The Treasury says the scheme will give people a breathing space from charges, distressing letters and bailiff visits, so they can tackle their problem debt with support from a professional debt advisor.
A new scheme to give people in problem debt 60 days of ‘breathing space’ has been launched.
While the pandemic has prompted many to save or invest more, others have seen increasing financial pressure from redundancy, lower employment prospects and a rising cost of living. The UK Treasury says about 700,000 people in the UK currently struggling with problem debt are set to benefit from the new scheme.
As well as a break from their debts and creditors, including the freezing of interest and penalties, people will also have access to professional debt advice, with stronger protections for those in mental health crisis treatment
John Glen, Economic Secretary to the Treasury, says the government is "determined" to tackle problem debt, but that it "is incredibly hard to get your finances back on track when your debts are piling up and you’ve got creditors at the door."
The scheme, he adds, will give people a breathing space from charges, distressing letters and bailiff visits, so they can tackle their problem debt with support from a professional debt advisor. As well it will help people going through a mental health crisis, which is too often linked to financial problems.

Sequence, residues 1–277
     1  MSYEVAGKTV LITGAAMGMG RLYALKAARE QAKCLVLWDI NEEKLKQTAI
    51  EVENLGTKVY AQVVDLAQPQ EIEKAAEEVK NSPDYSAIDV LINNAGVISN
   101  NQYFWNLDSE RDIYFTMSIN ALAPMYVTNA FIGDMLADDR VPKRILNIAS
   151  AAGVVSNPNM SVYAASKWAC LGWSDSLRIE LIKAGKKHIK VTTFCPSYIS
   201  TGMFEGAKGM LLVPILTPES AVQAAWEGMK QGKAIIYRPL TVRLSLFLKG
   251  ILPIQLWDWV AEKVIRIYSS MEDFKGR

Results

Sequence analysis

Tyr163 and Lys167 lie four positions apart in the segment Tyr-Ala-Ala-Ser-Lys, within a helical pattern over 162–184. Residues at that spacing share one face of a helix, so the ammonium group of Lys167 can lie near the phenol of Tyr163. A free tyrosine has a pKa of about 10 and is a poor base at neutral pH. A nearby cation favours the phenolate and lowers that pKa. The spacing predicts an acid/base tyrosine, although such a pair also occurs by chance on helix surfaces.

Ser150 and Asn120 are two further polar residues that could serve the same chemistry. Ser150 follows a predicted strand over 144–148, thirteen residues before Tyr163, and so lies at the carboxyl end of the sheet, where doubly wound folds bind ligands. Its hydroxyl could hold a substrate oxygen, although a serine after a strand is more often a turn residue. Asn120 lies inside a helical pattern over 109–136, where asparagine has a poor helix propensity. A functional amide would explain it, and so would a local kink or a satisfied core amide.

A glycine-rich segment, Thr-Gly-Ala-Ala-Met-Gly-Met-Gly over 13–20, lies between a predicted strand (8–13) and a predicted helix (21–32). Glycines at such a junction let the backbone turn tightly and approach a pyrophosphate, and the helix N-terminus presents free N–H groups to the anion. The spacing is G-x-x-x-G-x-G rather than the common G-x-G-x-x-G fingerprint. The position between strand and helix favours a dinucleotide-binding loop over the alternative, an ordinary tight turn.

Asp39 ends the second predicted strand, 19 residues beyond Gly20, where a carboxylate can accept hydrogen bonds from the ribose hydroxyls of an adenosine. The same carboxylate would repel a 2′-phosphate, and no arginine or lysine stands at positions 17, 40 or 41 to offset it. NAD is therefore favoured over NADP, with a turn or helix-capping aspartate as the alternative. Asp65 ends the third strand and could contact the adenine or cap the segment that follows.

"We’re bringing in stronger protections lasting beyond the end of their crisis treatment.”
Phil Andrew, CEO of StepChange Debt Charity, which has campaigned for such as scheme since 2014, said:
“This is the latest piece in the jigsaw of safeguards for people experiencing problem debt, with more to come. Statutory Debt Repayment Plans, when they come into being, are set to give further, much-needed protections."
Dave Heathcote, Insolvency Director at TDX Group, is less optimistic saying while it is an important step in how society manages problem debt, its impact will be limited in cushioning against the potential wall of debt many will face down the line.
“Against the backdrop of increasingly positive news on the UK’s vaccination roll out and a potential return to normality, a more sombre and fuller picture of the pandemic’s financial impact will emerge as government support schemes and forbearance winds down.”